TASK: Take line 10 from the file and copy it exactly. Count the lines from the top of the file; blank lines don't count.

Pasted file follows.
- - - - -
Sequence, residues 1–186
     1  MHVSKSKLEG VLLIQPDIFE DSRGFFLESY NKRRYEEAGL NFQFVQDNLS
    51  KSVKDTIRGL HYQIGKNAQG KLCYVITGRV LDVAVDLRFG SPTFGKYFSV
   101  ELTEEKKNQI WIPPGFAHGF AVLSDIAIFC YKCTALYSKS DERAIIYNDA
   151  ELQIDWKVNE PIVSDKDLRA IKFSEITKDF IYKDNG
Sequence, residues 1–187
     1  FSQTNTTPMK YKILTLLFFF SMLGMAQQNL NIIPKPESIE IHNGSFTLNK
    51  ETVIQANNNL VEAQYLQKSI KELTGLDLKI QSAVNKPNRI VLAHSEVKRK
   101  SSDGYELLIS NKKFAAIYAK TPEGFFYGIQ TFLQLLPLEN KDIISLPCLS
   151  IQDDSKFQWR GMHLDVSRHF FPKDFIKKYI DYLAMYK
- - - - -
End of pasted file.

   151  IQDDSKFQWR GMHLDVSRHF FPKDFIKKYI DYLAMYK